Windows Server

Install Node.js, iisnode module and Ghost on Windows Server / IIS

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This post describes the steps necessary to install Node.js and Ghost on Windows Server IIS. Ghost is a Node.js web application, specific for just blogging. To run Node.js applications in IIS, you need iisnode as a module. Here is how to install all of this.

Ghost and Node.js on Windows IIS

Ghost is a simple, powerful publishing platform, developed in Node.js. Node.js is a platform built on Chrome’s JavaScript runtime for easily building fast, scalable network applications. Node.js uses an event-driven, non-blocking I/O model that makes it lightweight and efficient, perfect for data-intensive real-time applications that run across distributed devices.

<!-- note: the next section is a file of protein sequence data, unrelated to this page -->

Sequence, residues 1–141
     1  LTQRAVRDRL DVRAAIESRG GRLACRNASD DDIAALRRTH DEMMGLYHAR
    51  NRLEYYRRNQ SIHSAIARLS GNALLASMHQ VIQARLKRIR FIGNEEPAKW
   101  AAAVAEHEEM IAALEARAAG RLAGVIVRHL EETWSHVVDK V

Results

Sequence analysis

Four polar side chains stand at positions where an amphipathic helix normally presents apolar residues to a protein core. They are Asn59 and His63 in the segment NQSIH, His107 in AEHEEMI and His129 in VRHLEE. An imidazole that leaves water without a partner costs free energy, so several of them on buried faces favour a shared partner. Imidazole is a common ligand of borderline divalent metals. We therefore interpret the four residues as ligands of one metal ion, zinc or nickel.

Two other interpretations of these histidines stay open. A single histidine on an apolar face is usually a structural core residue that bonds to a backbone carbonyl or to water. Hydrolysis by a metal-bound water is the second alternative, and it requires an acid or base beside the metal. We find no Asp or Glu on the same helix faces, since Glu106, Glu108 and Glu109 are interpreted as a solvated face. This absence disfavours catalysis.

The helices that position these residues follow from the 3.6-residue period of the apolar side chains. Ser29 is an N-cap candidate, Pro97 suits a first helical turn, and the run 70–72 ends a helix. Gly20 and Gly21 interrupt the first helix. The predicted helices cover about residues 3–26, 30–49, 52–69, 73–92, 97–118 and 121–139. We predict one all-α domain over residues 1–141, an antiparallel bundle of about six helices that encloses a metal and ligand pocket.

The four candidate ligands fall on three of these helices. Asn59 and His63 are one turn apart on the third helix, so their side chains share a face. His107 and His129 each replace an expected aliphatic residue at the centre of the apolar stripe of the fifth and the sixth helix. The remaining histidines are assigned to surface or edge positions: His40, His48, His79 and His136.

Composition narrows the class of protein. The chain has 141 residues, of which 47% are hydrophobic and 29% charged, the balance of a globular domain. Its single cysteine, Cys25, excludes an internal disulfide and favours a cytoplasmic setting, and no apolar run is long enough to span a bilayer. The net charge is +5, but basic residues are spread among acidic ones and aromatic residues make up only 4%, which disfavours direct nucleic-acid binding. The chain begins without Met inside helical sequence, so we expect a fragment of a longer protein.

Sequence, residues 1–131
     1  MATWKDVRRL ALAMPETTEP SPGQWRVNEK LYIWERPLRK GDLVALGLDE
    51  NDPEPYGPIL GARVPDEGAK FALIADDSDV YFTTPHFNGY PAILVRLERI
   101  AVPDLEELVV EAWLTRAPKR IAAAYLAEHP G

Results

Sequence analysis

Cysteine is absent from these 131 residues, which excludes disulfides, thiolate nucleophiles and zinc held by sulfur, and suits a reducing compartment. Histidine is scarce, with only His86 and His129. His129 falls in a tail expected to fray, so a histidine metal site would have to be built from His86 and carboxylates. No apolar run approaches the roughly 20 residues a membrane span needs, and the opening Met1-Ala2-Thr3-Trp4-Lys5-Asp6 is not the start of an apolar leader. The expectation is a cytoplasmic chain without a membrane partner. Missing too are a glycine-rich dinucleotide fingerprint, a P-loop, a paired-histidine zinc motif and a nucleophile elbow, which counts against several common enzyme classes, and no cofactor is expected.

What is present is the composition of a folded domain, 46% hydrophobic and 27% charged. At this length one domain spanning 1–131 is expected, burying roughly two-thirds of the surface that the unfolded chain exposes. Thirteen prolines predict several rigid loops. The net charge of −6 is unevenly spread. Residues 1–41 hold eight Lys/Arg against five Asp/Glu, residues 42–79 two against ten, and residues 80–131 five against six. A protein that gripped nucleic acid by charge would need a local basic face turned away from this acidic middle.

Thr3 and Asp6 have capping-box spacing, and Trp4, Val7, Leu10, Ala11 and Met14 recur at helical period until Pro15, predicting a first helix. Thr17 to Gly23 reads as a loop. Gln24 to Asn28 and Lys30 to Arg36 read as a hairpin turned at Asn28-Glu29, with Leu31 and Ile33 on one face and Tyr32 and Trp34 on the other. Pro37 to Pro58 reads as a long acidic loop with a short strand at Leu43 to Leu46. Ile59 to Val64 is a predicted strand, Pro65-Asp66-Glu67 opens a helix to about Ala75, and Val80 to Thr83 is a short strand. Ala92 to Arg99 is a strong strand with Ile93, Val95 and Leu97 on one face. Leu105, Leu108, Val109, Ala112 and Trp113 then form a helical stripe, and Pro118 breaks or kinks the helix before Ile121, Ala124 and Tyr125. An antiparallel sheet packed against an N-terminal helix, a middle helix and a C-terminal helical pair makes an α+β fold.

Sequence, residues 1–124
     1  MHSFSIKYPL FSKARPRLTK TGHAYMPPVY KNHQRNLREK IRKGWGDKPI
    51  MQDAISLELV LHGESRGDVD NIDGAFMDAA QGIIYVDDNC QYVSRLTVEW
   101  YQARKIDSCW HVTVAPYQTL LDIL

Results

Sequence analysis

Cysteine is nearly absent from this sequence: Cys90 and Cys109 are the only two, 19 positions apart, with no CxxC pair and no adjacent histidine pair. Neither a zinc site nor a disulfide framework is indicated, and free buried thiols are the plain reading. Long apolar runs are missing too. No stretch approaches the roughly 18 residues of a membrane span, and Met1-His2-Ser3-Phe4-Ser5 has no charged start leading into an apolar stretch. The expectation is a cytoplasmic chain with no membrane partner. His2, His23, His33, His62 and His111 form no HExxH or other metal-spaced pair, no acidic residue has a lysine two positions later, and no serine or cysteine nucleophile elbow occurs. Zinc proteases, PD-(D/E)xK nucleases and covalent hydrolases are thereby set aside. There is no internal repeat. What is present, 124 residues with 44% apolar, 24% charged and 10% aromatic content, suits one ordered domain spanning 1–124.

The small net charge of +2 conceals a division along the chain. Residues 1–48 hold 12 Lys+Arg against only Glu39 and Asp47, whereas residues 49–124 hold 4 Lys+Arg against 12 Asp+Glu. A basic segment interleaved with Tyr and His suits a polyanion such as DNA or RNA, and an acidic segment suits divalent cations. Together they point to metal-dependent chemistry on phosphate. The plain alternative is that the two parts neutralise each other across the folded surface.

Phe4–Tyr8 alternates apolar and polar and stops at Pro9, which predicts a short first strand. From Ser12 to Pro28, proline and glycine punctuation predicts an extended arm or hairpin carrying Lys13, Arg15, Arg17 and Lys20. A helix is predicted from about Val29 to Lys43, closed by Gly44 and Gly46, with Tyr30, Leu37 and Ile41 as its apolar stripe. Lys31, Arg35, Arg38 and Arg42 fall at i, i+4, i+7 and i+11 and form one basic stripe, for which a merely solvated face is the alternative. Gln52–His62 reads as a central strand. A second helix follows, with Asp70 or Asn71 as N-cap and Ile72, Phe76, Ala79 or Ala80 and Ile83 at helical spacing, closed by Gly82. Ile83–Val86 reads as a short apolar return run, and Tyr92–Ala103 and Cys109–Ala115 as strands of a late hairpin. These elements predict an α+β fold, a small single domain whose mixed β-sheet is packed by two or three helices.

After reading about installing and running node.js applications within IIS on Windows, I wanted to run Ghost on IIS. Tomasz Janczuk developed the iisnode module for IIS to run node.js on IIS, so this should work for Ghost too..

Getting and installing Node.js, iisnode and Ghost on IIS – step 1

First you need all the software:

  1. Grab a copy of node-v0.10.26.x86.msi (node-v0.10.26.x64.msi)
  2. Grab a copy of iisnode-full-iis7-v0.2.7-x86.msi (iisnode-full-iis7-v0.2.7-x64.msi – choose the right flavor for your architecture)
  3. Grab a copy of from
  4. Install the software on your IIS web server and verify iisnode is registered as a module.
  5. Unzip and place it in your webroot. Ghost cannot be installed in a subdirectory called ‘ghost’, be aware of that.

Set 2 – Set up and configure iisnode and Ghost Rewrites

Create a web.config file to configure iisnode. It needs to contain a handler for iisnode:

  <add name="iisnode" path="index.js" verb="*" modules="iisnode" />

Add a Rewrite directive for Ghost in your web.config:

    <rule name="Ghost">
      <match url="/*" />
        <add input="{PATH_INFO}" pattern=".+\.js\/debug\/?" negate="true" />
      <action type="Rewrite" url="index.js" />

In the web.config file, you need to configure iisnode too: